‘The Quiet Girl’ Review: Welcome Home

This luminous drama, Ireland’s entry for best international feature, may not be holiday fare, but it does express the season’s benevolent ethos.

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By Lisa Kennedy

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A body lies still in a field as girls from afar shout, “Cait! Cait!” For a beat, “The Quiet Girl” sounds an uneasy note. It won’t be the last time this luminous Irish drama — directed by Colm Bairead and based on Claire Keegan’s short story “Foster” — teases dark concerns.

Cait (Catherine Clinch, in a splendid debut) lives in a crammed, clamorous house with her parents, sisters, baby brother and another sibling on the way. Which is why her exhausted mother (Kate Nic Chonaonaigh) and idle father (Michael Patric) whisper about sending the 9-year-old to stay with her mother’s people.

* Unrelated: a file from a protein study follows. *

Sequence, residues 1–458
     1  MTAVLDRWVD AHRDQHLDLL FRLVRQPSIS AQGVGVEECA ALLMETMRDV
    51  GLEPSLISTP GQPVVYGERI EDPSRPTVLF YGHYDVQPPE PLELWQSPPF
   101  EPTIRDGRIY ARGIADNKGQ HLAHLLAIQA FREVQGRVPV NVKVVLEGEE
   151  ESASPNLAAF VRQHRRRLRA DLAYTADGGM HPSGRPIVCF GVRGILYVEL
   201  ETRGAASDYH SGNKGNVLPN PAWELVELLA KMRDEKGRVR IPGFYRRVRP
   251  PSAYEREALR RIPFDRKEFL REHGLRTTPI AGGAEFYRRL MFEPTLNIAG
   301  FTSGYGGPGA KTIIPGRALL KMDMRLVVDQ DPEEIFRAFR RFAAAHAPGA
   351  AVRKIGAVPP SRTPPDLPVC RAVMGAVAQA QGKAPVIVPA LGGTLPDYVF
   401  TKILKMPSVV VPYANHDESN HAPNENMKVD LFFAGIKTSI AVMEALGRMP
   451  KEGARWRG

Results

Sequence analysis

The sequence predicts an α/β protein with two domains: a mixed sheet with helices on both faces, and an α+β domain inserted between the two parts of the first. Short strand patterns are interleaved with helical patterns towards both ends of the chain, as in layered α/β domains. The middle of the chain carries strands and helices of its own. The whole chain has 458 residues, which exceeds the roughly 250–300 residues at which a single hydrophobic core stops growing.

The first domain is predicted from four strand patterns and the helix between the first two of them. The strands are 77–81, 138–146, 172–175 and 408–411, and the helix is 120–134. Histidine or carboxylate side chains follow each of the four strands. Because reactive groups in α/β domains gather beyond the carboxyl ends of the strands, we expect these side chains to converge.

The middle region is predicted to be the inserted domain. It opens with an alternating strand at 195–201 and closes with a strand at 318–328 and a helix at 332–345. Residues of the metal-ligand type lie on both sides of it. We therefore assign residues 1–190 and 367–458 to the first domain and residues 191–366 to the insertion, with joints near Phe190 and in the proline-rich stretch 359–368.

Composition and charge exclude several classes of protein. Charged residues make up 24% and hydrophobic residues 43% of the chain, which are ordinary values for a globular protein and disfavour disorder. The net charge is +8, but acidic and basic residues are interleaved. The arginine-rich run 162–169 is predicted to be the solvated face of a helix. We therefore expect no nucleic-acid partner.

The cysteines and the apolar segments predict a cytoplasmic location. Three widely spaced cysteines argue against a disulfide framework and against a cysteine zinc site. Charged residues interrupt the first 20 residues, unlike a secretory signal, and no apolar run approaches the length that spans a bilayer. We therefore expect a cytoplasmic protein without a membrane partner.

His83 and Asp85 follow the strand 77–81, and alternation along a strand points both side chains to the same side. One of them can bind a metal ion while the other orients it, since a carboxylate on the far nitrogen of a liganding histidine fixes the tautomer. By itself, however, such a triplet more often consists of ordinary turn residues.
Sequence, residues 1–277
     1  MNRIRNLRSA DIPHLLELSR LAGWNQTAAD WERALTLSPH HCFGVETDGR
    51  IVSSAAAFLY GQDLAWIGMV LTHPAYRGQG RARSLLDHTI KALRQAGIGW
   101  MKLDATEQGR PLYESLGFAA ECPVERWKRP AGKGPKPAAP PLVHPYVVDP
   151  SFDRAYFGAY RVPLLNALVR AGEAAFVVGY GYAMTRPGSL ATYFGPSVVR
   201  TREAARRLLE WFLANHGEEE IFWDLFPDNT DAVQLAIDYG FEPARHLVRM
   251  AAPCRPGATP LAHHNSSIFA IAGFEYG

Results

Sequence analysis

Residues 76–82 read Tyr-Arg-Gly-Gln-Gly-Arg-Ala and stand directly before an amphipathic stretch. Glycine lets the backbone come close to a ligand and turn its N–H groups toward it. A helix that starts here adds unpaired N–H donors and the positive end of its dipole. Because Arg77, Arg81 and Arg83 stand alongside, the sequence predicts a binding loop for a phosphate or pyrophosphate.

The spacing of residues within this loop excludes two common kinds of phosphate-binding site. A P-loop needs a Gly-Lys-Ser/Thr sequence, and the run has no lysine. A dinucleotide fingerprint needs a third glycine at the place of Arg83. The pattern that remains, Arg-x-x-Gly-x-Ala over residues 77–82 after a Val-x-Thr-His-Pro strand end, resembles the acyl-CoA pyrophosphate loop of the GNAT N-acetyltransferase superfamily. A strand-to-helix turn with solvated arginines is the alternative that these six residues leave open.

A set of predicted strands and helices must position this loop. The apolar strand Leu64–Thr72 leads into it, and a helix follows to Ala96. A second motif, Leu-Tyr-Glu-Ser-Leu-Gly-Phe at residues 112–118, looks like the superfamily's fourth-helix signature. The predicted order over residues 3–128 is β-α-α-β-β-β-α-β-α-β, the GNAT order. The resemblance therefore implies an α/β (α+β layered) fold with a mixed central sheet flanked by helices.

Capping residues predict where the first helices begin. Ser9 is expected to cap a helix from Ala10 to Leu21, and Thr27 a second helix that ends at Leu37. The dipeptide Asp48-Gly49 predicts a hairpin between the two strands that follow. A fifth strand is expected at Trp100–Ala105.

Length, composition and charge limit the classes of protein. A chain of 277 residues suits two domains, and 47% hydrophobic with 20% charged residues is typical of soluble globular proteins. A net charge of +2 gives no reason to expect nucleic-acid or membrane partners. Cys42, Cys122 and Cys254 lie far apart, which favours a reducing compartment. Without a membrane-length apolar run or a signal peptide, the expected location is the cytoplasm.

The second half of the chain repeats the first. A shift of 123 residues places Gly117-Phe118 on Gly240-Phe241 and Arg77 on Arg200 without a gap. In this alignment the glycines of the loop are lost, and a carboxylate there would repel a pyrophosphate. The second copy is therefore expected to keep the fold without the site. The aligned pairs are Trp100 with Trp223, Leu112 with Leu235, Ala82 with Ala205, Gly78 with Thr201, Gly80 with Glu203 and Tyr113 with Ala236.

When Cait’s father delivers her to the Cinnsealaches’ farmhouse, the viewer senses — even if Cait doesn’t yet — that she has won the lottery, or at least been granted a well-ordered reprieve. Eibhlin and Sean Cinnsealach (Carrie Crowley and Andrew Bennett) shimmer with compassion but also a profound ache. The availability of a child’s clothes and the trains chugging across the wallpaper of the room Cait sleeps in signal a loss that the film takes its time to address.

In Cait’s encounters with nature, Bairead and the cinematographer Kate McCullough capture the first-person perspective of Keegan’s story: leaves flutter and flash by; a ladle sets the still surface of a well in gently rippling motion. They also go beyond it. Although “The Quiet Girl” — Ireland’s entry for the best international feature Oscar — is not holiday fare, there may not be a movie more expressive of the season’s benevolent ethos than this hushed work about kith and kindness.

The Quiet Girl
Not rated. In Irish Gaelic, with subtitles. Running time: 1 hour 34 minutes. In theaters.

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